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Exhibiting in Canada: To ship or not to ship?

We’re so close to our neighbors in the north, we often forget that we’re crossing the border and that there are some serious logistical questions to consider when exhibiting at a show in Canada. When exhibiting abroad, such as in Europe or Asia, companies often opt to “build and burn” or rent locally due to transportation costs and customs issues. But what about in Canada? What should you take into account when deciding whether to ship your exhibit to Canada?

 

canada-shipping

When shipping your exhibit to Canada, there is not only the transportation cost to consider, but also duties and taxes, customs clearance and broker fees.

Some key factors to consider as you make your decision are:

• Transportation cost and length of transport time.
• Customs, duties and broker fees.
• Drayage costs.

Transportation
The length of time for your shipment to reach Canada will depend on where it’s originating and its destination in Canada. Using centrally located Chicago as an example, your shipment could reach Toronto or Montreal in a day or two, but a further-out destination like Vancouver will take a little longer. Adding a couple extra days into your timeline for customs clearance is always a good idea.

Customs, Duties and Broker Fees
When shipping your exhibit to Canada, there is not only the transportation cost to consider, but also duties and taxes, customs clearance and broker fees. Compared to other countries, shipping your exhibit from the U.S. into Canada is a little easier, and there are options to avoid heavy duties and taxes on the temporary import of your exhibit, such as using the ATA Carnet or U.S. Customs Form 4455 and its Canadian equivalent, E29B, for temporary imports. But you still run the risk of customs clearance delays and fines if your paperwork is not in order or does not match the shipment. While this all seems a little daunting, utilizing a reputable broker and a knowledgeable logistics team generally make this process relatively painless. Ed Jacquest, MG Design Associates’ transportation manager, finds using the show broker helps to get shipments through customs quickly. If he’s able to get the documents submitted as soon as they’re ready and before the shipment leaves the dock, he’s often able to get the shipment cleared by the time it reaches the border.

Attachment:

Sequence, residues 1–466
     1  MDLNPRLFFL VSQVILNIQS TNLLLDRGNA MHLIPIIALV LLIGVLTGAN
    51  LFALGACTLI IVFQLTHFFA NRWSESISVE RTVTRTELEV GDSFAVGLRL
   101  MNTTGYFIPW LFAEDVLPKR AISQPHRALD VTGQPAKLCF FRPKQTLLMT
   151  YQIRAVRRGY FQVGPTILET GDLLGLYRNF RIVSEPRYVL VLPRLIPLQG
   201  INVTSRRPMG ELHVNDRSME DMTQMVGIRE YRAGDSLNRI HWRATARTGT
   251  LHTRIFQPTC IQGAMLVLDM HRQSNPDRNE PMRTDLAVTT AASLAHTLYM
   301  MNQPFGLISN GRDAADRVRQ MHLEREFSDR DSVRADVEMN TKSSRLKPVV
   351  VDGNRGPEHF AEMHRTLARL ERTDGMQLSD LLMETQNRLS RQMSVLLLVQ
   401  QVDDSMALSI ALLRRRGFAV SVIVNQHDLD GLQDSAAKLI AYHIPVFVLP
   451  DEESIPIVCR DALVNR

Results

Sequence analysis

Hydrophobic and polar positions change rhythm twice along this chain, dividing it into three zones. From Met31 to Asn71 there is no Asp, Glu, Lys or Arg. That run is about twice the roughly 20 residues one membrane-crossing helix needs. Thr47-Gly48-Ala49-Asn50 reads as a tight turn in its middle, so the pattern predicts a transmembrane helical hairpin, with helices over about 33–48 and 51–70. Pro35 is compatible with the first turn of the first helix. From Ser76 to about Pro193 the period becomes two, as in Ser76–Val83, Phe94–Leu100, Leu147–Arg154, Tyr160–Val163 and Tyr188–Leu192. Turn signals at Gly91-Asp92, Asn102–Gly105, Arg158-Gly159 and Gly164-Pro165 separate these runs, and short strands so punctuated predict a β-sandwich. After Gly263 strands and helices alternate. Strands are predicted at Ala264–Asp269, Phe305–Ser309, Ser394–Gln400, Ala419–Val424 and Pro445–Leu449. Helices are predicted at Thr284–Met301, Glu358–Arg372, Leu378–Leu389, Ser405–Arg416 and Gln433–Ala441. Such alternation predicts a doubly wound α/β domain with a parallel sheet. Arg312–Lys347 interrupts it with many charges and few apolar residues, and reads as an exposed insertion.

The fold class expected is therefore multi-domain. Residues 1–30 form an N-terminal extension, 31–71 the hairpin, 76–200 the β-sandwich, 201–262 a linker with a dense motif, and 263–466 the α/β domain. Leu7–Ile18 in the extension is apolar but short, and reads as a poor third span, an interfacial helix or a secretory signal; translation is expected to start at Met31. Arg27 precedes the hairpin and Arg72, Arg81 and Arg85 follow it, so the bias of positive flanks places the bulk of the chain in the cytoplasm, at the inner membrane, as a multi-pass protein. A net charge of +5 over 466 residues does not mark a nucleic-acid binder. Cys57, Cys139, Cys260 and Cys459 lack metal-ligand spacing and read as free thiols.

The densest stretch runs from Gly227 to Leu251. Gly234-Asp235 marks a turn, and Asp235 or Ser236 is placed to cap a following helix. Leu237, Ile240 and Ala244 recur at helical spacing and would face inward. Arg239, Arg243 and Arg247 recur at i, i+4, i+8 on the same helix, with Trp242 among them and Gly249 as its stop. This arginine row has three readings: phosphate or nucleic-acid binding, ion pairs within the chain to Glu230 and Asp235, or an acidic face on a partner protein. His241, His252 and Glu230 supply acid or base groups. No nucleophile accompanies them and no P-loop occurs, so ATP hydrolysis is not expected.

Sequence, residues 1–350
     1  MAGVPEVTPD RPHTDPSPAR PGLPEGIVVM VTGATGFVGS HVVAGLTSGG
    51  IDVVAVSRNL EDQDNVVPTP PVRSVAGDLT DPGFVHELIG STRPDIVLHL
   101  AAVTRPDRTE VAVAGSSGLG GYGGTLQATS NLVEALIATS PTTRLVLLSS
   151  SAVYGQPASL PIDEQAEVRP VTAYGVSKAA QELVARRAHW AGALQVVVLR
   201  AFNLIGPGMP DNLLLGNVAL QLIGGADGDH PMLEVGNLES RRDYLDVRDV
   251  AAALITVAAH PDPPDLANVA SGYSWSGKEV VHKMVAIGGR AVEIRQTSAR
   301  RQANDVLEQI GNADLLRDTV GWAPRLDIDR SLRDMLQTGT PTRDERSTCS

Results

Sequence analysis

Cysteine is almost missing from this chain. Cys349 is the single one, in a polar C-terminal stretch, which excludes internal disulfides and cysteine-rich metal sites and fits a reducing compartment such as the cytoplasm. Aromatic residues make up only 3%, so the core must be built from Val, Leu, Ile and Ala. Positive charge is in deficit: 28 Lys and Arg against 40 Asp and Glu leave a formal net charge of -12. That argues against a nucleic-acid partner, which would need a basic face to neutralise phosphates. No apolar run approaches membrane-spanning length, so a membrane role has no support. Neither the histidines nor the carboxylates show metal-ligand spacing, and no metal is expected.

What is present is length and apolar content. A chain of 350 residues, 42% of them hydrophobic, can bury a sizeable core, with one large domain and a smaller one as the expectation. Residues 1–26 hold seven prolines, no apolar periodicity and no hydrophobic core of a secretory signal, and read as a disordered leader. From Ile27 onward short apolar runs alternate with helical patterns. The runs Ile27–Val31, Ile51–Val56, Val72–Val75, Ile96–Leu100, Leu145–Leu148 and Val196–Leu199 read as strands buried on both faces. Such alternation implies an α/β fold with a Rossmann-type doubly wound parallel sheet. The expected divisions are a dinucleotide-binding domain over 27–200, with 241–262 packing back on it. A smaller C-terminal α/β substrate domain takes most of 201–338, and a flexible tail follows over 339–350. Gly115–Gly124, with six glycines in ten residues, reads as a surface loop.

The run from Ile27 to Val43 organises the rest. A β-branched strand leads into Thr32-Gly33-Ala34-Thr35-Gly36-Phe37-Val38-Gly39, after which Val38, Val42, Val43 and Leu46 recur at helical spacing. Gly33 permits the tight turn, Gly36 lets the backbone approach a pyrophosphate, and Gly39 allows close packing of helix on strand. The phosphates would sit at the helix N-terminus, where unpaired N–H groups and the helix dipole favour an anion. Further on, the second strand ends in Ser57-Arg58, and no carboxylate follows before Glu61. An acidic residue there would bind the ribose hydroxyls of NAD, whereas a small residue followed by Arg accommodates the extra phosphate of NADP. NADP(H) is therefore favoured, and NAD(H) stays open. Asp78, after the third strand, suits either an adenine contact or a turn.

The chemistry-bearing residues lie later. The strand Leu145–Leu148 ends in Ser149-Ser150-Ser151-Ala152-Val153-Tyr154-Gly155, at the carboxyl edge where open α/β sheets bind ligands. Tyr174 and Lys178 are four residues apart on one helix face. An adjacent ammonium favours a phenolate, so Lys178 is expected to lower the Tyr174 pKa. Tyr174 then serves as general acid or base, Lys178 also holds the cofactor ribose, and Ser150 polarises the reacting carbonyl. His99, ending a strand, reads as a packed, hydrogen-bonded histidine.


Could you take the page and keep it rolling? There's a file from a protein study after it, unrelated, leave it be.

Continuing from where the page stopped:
If you decide to ship into Canada, make sure you to explore all your options for minimizing your costs on duties and taxes. If you will be shipping to multiple countries throughout the year, the ATA Carnet will be your best option as it is good for a year and utilized by more than 75 participating countries. If your booth will return directly to the States, using the Form 4455 and E29B for temporary imports is the more likely choice. Customs agents are required to physically inspect a certain percentage of shipments per day at any point of entry, so make sure your paperwork and documents mirror exactly what is in your shipment to avoid any unnecessary delays.

Drayage
Another factor to consider is drayage. How heavy is your exhibit? Most shows in Canada calculate drayage similarly to shows in the U.S. by charging a set rate per hundred pounds. In a few cases, you might see drayage charges calculated by an estimate for the amount of time the forklift will be required for transporting your goods from the dock to your booth. Regardless of the method of calculation, there will be drayage charges, so be sure to include this in your cost estimate when planning for the show.

As with any event, planning and preparing ahead for your tradeshow is key to ensuring everything goes smoothly regardless of which option you choose. Yes, there are customs issues to deal with, but proper planning can help minimize your risk. Make sure to tap into the many resources that are available to you. This can include consulting with your account management team from your exhibit house. They can be a great resource and assist with any questions about the process of clearing your exhibit through customs and which method of importation will be used. You will find “build and burns” are not as prevalent in Canada as they are in other parts of the world, but if you think a local rental might be the right for you, your account management team can assist with this as well. Every situation is unique, so find the right solution for you.

Kate Sims is the global account manager and Kelli Steckbauer is the director of global business for MG Design, an exhibit design, event planning and management services provider.

Posted in Canada
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